‘Wake up, people’: Milford reflects on Martin Luther King Jr. legacy

MILFORD — A lot has changed since 1968, when Dr. Martin Luther King Jr. delivered his speech, “The Other America,” but the reality of social injustice and racism remain, according to Tekisha Everette.

“Is this the dream?” Everette, the CEO of the nonprofit agency Health Equity Solutions, asked in her keynote speech during Milford’s annual Reflections tribute to King. “We have a global pandemic where African Americans and Latinos are disproportionally hospitalized.”

Everette also pointed out the disparity in police response between the storming of the U.S. Capitol, “where people were nicely asked to leave” and the response to the protests following the deaths of George Floyd and Breonna Taylor, where demonstrators were tear gassed.

“Is this the dream?” she repeated.

The Reflections tribute is a tradition dating back 35 years, according to Mayor Ben Blake.

“We traditionally have it in City Hall, which we obviously couldn’t do because of the pandemic,” he said. “But it’s important to us to have that connection with the city, so we moved it online this year, and we were able to keep that connection.”

Blake gave his remarks from his City Hall office, and also read a proclamation declaring Jan. 18 as a memorial day of nonviolence and crusading for human rights in Milford.

“In keeping with Dr. King’s legacy, each of us can and must contribute to making our communities better,” he said. “I urge my fellow citizens to observe this day with appropriate civic, community and service projects in honor of Dr. King.”

U.S. Rep. Rosa DeLauro, D-Conn., another one of the speakers at the Reflections tribute, tied the civil rights message of the day to the current state of the country.

“The pandemic has further exposed the racial inequities that we all know exist,” she said.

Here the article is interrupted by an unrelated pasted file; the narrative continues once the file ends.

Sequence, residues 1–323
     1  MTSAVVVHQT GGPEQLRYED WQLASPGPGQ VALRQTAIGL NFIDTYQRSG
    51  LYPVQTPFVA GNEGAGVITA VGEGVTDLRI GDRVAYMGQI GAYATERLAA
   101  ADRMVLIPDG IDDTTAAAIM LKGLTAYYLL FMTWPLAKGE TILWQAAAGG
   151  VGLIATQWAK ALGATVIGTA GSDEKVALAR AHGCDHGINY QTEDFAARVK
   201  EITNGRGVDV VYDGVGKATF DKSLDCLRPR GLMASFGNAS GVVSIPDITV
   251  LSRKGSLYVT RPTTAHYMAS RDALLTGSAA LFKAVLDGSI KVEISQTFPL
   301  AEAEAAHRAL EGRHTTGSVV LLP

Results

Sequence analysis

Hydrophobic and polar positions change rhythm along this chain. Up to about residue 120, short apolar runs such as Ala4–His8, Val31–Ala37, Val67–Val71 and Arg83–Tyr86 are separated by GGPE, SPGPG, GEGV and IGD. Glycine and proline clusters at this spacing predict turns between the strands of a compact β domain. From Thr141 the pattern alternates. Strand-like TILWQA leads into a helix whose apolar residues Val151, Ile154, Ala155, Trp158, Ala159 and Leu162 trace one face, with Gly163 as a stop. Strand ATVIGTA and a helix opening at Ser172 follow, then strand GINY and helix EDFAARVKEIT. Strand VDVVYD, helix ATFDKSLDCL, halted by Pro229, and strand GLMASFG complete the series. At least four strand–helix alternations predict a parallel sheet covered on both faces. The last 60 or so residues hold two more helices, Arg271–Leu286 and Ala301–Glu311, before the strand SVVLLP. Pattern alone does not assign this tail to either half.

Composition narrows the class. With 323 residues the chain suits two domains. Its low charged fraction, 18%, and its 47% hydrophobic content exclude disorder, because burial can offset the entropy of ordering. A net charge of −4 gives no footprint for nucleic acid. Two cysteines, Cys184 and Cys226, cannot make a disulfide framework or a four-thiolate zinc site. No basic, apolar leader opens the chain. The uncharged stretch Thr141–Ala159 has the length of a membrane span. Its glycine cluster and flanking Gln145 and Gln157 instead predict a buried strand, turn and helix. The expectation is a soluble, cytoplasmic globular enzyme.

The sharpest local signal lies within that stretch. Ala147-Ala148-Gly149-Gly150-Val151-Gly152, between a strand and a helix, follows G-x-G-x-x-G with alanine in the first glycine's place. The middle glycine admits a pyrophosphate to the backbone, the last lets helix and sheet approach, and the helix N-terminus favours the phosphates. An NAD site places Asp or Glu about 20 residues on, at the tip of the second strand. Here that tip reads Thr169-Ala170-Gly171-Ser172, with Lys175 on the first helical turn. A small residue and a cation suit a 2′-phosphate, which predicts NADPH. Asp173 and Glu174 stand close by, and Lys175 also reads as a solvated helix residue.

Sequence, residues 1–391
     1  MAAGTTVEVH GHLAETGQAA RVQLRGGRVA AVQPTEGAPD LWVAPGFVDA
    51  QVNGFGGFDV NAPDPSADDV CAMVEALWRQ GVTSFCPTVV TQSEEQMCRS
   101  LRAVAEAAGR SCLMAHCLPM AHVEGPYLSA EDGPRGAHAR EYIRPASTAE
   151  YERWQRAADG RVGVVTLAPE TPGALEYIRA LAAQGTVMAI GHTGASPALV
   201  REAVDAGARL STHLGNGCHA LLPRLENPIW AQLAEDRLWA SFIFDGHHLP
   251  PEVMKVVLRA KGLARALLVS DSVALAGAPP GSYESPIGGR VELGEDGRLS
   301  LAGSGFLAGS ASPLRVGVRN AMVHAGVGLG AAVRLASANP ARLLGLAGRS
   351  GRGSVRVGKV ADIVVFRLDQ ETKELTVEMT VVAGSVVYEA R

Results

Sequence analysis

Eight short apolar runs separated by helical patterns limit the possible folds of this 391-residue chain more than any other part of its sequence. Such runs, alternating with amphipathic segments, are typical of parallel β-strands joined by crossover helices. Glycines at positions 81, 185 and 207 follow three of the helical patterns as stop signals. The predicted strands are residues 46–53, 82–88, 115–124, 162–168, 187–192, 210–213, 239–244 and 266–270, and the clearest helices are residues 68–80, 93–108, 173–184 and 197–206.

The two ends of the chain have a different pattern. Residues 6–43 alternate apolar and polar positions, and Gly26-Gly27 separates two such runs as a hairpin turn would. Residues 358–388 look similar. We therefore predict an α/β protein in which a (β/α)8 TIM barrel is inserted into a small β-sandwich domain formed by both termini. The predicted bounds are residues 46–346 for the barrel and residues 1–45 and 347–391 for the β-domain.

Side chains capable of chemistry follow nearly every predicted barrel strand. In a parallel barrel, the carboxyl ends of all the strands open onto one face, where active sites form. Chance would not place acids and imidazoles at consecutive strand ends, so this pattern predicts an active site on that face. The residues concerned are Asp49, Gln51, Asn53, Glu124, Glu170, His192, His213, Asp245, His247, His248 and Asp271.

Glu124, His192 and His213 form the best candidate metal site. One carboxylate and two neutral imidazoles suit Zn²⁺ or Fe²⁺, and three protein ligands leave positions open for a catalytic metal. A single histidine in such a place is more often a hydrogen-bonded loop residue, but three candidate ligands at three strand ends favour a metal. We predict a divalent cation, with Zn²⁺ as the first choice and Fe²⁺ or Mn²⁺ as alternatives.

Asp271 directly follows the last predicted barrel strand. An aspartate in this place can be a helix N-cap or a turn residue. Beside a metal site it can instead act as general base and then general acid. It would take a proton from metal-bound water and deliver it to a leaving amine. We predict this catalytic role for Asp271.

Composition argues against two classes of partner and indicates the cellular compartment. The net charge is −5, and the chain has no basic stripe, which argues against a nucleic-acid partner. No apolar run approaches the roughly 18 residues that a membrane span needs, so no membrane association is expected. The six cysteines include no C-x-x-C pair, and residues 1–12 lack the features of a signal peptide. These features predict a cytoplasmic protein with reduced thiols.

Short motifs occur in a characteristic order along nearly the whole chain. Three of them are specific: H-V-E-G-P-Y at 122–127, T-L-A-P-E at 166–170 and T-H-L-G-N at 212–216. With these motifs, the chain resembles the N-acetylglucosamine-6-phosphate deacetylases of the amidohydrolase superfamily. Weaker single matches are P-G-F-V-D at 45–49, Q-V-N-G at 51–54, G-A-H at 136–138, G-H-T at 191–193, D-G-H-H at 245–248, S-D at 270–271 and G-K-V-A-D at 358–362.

Members of minority communities, she said, are more likely to suffer from the effects of COVID-19, and less likely to be vaccinated, she said. And an insurrection led by “white nationalists and Confederate flag wavers who sought to overturn a national election” shook the nation, she said.

“Even in 2021, they still relished the sight of a noose swinging in the nation’s capital,” she said referring to a widely circulated photo of gallows erected in Washington, D.C.

The images further reinforce that there are two Americas, she said.

U.S. Sen. Richard Blumenthal, D-Conn., remarked that the country was about to inaugurate a new president and vice president, and called Kamala Harris’ election “historic and momentous.”

“My hope is that they will live out through their administration the life and legacy of Martin Luther King,” he said.

Everette concluded the virtual gathering with an admonition to all to take an active role in battling racism and bigotry wherever it may be.

“We have come so far, but we have so much further to go,” she said. “Any inqequity is unacceptable.”

She urged people to wake up and become dedicated to ongoing injustice.

“Wake up people. Wake up from the delusion that we’ve done all that we can do, and that the problem is just too large,” she said. “Declare yourself today an anti-racist. And ask yourself each day, ‘What have I done to eradicate racial inequities?’ If not you who stands up in the face of racial injustice, who shall it be?”